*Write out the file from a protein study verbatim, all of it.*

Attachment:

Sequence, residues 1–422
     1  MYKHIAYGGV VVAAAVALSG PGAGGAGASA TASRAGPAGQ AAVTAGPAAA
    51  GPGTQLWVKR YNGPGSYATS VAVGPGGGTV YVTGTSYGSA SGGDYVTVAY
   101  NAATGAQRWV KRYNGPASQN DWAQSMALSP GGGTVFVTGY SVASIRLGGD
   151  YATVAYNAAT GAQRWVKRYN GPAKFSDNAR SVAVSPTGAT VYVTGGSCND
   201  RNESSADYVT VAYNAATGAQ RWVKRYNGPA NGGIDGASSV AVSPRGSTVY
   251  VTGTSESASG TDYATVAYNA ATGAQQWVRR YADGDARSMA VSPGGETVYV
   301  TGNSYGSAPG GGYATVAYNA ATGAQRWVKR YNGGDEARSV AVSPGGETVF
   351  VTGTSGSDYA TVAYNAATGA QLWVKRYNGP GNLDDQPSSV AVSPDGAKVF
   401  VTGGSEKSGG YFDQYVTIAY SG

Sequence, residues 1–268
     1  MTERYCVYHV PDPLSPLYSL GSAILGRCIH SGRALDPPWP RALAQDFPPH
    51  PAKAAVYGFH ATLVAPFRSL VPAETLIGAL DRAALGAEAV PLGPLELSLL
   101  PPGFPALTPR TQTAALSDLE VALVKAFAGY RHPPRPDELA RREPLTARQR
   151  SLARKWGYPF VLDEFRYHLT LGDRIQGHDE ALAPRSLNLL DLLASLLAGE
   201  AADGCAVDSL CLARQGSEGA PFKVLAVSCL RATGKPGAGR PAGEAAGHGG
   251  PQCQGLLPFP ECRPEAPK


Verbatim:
Sequence, residues 1–422
     1  MYKHIAYGGV VVAAAVALSG PGAGGAGASA TASRAGPAGQ AAVTAGPAAA
    51  GPGTQLWVKR YNGPGSYATS VAVGPGGGTV YVTGTSYGSA SGGDYVTVAY
   101  NAATGAQRWV KRYNGPASQN DWAQSMALSP GGGTVFVTGY SVASIRLGGD
   151  YATVAYNAAT GAQRWVKRYN GPAKFSDNAR SVAVSPTGAT VYVTGGSCND
   201  RNESSADYVT VAYNAATGAQ RWVKRYNGPA NGGIDGASSV AVSPRGSTVY
   251  VTGTSESASG TDYATVAYNA ATGAQQWVRR YADGDARSMA VSPGGETVYV
   301  TGNSYGSAPG GGYATVAYNA ATGAQRWVKR YNGGDEARSV AVSPGGETVF
   351  VTGTSGSDYA TVAYNAATGA QLWVKRYNGP GNLDDQPSSV AVSPDGAKVF
   401  VTGGSEKSGG YFDQYVTIAY SG

Sequence, residues 1–268
     1  MTERYCVYHV PDPLSPLYSL GSAILGRCIH SGRALDPPWP RALAQDFPPH
    51  PAKAAVYGFH ATLVAPFRSL VPAETLIGAL DRAALGAEAV PLGPLELSLL
   101  PPGFPALTPR TQTAALSDLE VALVKAFAGY RHPPRPDELA RREPLTARQR
   151  SLARKWGYPF VLDEFRYHLT LGDRIQGHDE ALAPRSLNLL DLLASLLAGE
   201  AADGCAVDSL CLARQGSEGA PFKVLAVSCL RATGKPGAGR PAGEAAGHGG
   251  PQCQGLLPFP ECRPEAPK